The surprise cancellation comes two days after French President Francois Hollande questioned the usefulness of the meeting with Putin, in an interview with a French TV channel, citing bombardments of Syria’s Aleppo.
France has blamed Russia for not reigning in the Syrian government, who has been attacking militant hideouts in the northern city, where around 250,000 were estimated to live under siege.
Speaking at a press briefing, Russian president’s spokesman Dmitry Peskov said that Vladimir Putin had decided to cancel next week’s trip to France after some of the scheduled events were "dropped out of the program."
Asked about the cause for these changes, Peskov replied, "This is a question for the French side." President Putin was expected to attend the opening of a Russian cultural and spiritual center and an exhibition.
Hollande, who was speaking in Strasbourg, said he had told Putin ahead of the cancellation that the talks would be confined to the Syrian problem and Syria alone.
Peskov added that Putin was ready to come to Paris for talks with his French opposite number "when it would be comfortable for President Hollande."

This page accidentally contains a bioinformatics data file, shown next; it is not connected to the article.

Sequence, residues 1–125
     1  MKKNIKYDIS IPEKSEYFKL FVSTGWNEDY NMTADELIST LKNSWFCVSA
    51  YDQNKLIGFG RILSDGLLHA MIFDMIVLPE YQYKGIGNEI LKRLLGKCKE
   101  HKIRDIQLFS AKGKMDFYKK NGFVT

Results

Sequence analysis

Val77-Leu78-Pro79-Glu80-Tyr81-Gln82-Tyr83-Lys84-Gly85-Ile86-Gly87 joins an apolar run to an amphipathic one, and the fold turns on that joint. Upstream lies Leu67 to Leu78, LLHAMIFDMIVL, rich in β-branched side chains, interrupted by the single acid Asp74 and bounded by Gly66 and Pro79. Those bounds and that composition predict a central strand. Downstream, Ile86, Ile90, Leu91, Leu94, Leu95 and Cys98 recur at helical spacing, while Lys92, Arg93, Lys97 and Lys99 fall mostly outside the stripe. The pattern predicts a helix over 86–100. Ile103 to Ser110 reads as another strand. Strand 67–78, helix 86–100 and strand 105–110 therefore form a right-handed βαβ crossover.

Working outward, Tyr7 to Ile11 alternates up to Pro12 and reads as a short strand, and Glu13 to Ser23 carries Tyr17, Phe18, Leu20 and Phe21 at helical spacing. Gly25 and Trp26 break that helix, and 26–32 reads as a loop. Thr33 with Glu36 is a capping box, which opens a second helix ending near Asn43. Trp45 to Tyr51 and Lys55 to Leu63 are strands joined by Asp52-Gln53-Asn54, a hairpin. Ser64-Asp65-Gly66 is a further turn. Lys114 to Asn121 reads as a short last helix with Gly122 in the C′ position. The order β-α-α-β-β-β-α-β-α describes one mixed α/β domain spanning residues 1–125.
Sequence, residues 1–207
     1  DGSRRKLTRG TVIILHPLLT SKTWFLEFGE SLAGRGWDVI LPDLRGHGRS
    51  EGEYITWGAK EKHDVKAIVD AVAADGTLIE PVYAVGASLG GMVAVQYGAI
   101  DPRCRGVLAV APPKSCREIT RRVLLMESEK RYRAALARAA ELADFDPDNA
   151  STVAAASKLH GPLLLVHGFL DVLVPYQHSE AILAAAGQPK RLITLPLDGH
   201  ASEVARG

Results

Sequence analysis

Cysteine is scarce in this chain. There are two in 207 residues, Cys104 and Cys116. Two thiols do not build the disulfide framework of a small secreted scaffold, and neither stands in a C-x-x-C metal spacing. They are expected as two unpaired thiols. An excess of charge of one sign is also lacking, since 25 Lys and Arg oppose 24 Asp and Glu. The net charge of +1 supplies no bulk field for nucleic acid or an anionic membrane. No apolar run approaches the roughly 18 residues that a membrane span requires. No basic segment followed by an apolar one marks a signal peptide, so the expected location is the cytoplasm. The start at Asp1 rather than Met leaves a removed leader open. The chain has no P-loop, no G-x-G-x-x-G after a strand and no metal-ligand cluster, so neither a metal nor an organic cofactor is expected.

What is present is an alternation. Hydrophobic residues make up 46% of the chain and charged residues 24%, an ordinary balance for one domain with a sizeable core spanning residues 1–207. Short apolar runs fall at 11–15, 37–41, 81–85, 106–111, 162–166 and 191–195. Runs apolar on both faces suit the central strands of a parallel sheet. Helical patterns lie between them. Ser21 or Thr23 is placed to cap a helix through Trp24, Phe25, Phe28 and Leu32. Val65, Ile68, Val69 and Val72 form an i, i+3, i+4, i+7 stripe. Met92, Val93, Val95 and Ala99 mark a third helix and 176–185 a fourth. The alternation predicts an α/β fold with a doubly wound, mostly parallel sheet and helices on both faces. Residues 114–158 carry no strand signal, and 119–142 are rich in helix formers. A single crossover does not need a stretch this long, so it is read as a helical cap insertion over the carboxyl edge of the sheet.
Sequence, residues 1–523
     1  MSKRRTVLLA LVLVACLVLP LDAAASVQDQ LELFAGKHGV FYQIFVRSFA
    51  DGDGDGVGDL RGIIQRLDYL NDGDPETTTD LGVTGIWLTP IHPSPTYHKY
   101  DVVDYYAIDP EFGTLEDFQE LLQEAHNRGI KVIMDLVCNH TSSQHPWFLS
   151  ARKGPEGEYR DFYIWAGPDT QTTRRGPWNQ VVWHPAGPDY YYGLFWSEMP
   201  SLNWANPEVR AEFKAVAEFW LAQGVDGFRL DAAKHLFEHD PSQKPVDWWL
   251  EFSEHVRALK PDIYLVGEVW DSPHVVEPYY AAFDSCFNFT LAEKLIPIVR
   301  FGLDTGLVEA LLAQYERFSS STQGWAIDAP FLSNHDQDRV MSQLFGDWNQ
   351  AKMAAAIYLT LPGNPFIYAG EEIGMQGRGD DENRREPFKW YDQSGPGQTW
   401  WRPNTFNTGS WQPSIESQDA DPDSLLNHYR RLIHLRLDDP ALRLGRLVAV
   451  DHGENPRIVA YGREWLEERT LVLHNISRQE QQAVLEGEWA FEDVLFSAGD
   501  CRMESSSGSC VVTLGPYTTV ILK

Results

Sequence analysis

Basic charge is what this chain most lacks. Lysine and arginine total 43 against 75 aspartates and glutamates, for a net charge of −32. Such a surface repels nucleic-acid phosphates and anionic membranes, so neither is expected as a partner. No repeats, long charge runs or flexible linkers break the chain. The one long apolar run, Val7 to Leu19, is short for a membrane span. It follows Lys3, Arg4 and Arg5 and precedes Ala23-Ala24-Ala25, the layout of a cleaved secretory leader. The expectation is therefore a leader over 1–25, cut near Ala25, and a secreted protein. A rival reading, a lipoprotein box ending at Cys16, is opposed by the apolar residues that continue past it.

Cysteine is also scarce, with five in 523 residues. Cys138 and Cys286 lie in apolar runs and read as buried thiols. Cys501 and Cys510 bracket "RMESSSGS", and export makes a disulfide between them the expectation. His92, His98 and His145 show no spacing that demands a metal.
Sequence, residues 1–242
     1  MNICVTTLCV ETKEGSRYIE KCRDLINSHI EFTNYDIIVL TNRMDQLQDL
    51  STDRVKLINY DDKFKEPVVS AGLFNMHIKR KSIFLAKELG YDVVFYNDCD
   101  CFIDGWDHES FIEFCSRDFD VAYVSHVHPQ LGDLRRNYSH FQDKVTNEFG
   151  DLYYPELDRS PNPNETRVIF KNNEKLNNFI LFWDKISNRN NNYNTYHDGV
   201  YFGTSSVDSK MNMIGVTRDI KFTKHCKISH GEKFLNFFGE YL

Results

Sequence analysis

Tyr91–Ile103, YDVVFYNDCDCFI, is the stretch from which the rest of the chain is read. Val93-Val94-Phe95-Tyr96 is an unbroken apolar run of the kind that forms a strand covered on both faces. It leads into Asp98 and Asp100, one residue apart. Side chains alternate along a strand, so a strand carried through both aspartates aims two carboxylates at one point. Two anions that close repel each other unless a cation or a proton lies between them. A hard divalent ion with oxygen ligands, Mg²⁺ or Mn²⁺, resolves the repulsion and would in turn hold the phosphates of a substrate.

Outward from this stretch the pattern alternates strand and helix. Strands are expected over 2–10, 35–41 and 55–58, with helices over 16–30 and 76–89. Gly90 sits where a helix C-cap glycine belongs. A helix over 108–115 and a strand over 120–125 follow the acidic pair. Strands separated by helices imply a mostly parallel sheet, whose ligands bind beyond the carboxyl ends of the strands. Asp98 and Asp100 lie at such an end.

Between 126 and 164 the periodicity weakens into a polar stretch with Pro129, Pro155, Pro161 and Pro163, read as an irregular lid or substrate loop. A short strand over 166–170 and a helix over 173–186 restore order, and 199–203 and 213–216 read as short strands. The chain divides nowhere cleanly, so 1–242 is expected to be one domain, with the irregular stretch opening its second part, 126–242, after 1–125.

"Therefore, we will wait when this comfortable time comes, and the President will again consider the possibility of making this visit if the issue will be on the agenda," he continued.
He defied claims that the Russian leader was being isolated from the rest of the world, saying "the busy schedule of the president [Putin] evidences the contrary."
Meeting still on table
In his turn, President Francois Hollande reaffirmed his willingness to meet with Russia’s Vladimir Putin whenever the latter was ready for it.
The French leader emphasized that he and Putin had a duty to promote peace in Syria and did not rule out that opportunities for dialogue with Moscow could present themselves.
"I am already to continue the dialogue on Syria. He [Putin] decided to delay the visit but it will not prevent us from using other opportunities for a discussion on this," Hollande said.
Russia has been at odds with the US-led coalition fighting Daesh militants in Syria, specifically over Aleppo hostilities. Moscow denies attacking civilians trapped in the city and insists it is only targeting Daesh and al-Qaeda linked al-Nusra Front fighters.